[Note: This story first ran in December 2007, when the ruta was announced, and is worth another look! - Pez]
In previous years when I’ve written my Vuelta previews I’ve gone to my local Village Bar and over a glass (or two) of vino/cerveza, I have collected the wisdom of a few drunks, friends, knowledgeable cycling followers and even last year I asked a couple of cyclists! So this year I thought I should talk to someone who has actually ridden La Vuelta. So who better than my near neighbor, ex-professional and all-round fun guy, Fabian Jeker?
Jeker was no stranger to the top step of the podium during his career.
Fabian has the perfect background to give pro riders an insight into La Vuelta, he was a pro from 1991 to 2005 and in that time rode 5 Tours de France, 4 Giro d’Italia’s and 9 Vuelta a Espaсa’s and he likes to add that he has also driven a VIP car in 2 Vuelta’s, so that makes 11 Vuelta’s that he has “competed” in and if you see the way he drives, well it’s still a competition!
Unlike many other ex-pros, Fabian is still fit, thin and looks after his weight, he runs and cycles when he can and hasn’t turned to drink, food, or cigarettes. So we settled down in the L’Aldeana Cafй/Bar in L’Alfаs del Pi, which is a village on the east coast of Alicante, to a cafй con leche, a cortado, and a croissant (the croissant was for me) with the Spanish sports papers and the route of the 2008 La Vuelta a Espaсa.
The 2008 Vuelta – 3134km long, 21 stages – and it all starts this Saturday.
PEZ: What are your overall thoughts on next year’s Vuelta?
Fabian Jeker: Well, looking at the course it’s very similar to the Giro d’Italia. Look at the Giro, it has two weeks flat and then all the hills in the last week, here in the Vuelta, the first week is nothing, then the second could be hard with the wind and then there is the Angliru, it’s hard, but it won’t cause big time gaps. The last week is very hard around Madrid though.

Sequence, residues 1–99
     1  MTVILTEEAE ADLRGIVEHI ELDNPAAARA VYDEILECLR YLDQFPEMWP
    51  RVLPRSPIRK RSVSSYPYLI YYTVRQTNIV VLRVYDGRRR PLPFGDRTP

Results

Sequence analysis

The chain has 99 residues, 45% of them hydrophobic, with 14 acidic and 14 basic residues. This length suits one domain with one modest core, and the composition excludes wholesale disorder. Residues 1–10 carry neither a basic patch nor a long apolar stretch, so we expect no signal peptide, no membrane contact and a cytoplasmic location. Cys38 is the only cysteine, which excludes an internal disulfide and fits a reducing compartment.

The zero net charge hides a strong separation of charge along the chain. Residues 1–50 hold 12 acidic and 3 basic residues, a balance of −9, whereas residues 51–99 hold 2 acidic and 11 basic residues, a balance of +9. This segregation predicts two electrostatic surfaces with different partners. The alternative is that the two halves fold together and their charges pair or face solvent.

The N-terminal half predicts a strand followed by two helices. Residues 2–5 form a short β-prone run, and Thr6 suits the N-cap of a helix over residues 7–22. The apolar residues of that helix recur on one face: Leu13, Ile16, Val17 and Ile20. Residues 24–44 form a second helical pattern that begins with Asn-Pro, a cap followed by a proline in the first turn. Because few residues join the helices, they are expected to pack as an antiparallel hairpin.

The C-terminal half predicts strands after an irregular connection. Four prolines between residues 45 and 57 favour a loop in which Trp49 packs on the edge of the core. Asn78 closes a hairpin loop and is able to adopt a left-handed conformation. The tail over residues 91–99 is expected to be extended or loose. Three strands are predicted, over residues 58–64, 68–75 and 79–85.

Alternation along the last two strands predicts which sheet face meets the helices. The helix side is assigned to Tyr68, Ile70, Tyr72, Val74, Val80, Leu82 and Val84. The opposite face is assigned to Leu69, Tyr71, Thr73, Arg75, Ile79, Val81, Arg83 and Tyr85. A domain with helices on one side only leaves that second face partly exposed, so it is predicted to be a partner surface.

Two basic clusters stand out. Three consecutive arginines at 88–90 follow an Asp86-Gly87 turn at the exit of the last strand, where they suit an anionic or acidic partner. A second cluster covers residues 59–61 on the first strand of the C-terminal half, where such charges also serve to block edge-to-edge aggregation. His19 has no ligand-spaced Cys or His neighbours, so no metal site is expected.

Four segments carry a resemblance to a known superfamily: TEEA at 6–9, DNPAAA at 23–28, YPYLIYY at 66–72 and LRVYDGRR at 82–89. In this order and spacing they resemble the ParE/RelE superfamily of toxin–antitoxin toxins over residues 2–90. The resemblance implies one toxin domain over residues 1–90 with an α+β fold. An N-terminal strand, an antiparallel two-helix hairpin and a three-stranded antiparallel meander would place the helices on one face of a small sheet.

PEZ: What are the decisive stages?
Fab: Stage 8 to Pla de Beret, Stage 14 to Fuentes de Invierno and Stage 20, the Mountain Time Trial to Navacerrada, its not such a hard climb, but it’s the second last stage and if you are on a bad day, you could lose 2 minutes, like Nozal did in 2003 (Al, yea I remember, I was there), (Fab, I was 4th on the stage) to lose the Vuelta to Heras. The Angliru will be hard, as always, I rode it hard for my team leader, (eventual winner) Casero, and finished one place in front of him in 8th place, it’s never easy, but not decisive. The stages to Zaragoza and Zamora could split due to the crosswinds; you need a strong team for those stages.
PEZ: Which rider does the 2008 Vuelta suit?
Fab: I think Sastre. I like Sastre, and he is a great rider. I don’t think this is one for Menchov. He needs a time trial and there are not enough of those for him this year. Maybe Valverde or Evans, but not Contador. He will ride the Tour de France and nothing more, wait you just watch: you will see he will have a year like Armstrong. It will be the Tour and nothing else matters, maybe he’ll ride Amstel or Liege and then the Dauphine or Tour of Switzerland, then training camp and then the Tour. As for the Vuelta, I think I can win; I will be in front in the car all day!
Speaking of the Tour de Suisse – here is Fabian 2nd in 2004, behind the not so squeaky clean Jan Ullrich.
PEZ: If you were racing now, which stage would you like?
Fab: I think stages 20 and 8, but I think stage 8, look at it, four hills in 70 kilometers and in the last 20 kilometers you have the 1st Cat, Bonaigua followed by the Special Cat, Pla de Beret. In stage 14 the finish to Fuentes de Invierno is very hard, that would be a great stage to win.
Hey, that’s not the Vuelta!
PEZ: What stages would you not like?